Karen McCarthy Woolf‘s Hoxton Stories are vernacular poems of her grandfather’s experience growing up in the area. Here is featured, Guy Fawkes Night, taken from Modern Poetry in Translation Dialect of the Tribe. I have written poems taken from my Father’s verbatim experience of living within the pages of Angela’s Ashes, (for him it was Glasgow) but never thought of it as translation. But thinking about it, that is what it is; maybe not in the literal sense of how we understand translation as a foreign language, but in the vernacular sense. Translation is more than understanding or comprehending, it is about empathizing with, not only people’s experience but their culture. This is summed up in the final beautiful and direct words of her grandfather, ‘So what d’ya reckon about that one then?’ Well, what d’ya reckon?
Karen has recently published “An Aviary of Small Birds.”
|Guy Fawkes Night from Hoxton Stories
What you haf to imagine is a nah-sty, stinky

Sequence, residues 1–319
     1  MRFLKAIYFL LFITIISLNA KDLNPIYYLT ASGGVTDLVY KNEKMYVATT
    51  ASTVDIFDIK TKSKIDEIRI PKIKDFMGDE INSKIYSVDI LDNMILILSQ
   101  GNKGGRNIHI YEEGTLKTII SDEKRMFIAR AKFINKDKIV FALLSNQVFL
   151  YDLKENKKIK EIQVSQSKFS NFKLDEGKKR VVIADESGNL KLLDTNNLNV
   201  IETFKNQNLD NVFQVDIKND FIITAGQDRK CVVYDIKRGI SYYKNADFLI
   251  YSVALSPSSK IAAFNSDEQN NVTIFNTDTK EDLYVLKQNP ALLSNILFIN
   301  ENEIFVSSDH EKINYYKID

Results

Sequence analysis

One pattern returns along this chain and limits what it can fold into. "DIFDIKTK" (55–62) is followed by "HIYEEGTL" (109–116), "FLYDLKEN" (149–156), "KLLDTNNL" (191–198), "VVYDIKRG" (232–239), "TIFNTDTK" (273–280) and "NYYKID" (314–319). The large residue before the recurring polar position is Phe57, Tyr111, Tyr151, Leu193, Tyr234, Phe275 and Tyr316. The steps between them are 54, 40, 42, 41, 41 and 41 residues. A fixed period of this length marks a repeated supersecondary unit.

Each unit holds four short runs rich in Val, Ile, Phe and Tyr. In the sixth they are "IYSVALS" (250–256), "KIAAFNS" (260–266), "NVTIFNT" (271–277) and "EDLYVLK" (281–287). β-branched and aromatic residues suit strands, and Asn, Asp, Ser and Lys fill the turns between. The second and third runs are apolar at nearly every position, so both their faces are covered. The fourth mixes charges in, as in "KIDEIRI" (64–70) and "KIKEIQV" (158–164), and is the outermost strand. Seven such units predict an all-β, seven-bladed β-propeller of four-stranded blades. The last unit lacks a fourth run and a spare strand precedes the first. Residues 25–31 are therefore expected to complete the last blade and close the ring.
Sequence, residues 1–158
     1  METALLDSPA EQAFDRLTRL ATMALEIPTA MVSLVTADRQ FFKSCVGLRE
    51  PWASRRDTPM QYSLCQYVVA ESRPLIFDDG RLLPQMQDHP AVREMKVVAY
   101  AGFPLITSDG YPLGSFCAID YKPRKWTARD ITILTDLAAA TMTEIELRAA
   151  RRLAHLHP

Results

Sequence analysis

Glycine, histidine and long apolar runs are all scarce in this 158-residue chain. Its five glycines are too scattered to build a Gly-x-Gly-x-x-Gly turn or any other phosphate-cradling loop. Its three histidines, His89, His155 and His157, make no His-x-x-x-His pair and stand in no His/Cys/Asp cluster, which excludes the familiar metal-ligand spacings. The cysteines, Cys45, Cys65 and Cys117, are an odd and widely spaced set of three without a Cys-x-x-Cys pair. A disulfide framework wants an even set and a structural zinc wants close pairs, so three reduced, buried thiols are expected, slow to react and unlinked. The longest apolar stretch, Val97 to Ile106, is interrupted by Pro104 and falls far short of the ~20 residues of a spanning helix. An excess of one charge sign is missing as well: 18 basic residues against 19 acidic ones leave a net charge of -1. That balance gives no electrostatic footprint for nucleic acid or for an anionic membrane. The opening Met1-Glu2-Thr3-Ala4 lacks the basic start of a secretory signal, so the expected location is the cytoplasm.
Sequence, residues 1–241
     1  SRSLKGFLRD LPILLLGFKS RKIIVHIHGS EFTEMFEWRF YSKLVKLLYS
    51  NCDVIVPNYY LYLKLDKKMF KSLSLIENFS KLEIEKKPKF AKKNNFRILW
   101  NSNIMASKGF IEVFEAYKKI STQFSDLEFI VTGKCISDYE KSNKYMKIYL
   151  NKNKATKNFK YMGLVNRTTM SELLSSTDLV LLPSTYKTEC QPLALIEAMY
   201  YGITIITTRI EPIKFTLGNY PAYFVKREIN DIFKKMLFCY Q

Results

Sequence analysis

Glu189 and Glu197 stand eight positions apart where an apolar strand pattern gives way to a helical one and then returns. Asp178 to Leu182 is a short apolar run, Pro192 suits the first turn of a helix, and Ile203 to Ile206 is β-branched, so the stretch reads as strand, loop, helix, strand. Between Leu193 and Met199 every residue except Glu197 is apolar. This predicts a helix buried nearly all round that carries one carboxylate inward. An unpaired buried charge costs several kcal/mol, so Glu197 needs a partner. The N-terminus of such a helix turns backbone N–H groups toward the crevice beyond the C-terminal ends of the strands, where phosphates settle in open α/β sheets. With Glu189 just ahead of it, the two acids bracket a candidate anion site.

dockers, barra boys the lot, all living a dire
in the world though poverty was rife,
in these tenement houses, flat top roof
in the middle and three rooms down with a yard
Right, so it’s Guy Fawkes night and these days
There was about eight kids including me
and Jimmy Webb was a right little tea leaf
which was a little general shop that sold fags
So Jimmy’s been in and grabbed an ’andful
they called ‘em and they woulda cost an ’alfpenny
goin’, an we’ve tied about five o’these flashguns
on the fire for a mo’ so as to light the end,
he coulda blown ’is whole bleedin’ arm off.
and she was rough, she lives downstairs. So Jimmy’s
Well, within seconds there’s a huge great bang!
through the air, missed us by inches as we rushed
She was covered in bleedin’ soot from ’ead to foot!
and her dinner’d been blown right across the kitchen.
so we all scuttled down our trapdoors that went
with the air of innocence all over us.
Sammy Ruff, Billy Ruff and Bobby Ruff
down the docks and one of ’em was a garman
that blew their mum right across the room
That was Wilmer Gardens, where we lived in ’Oxten.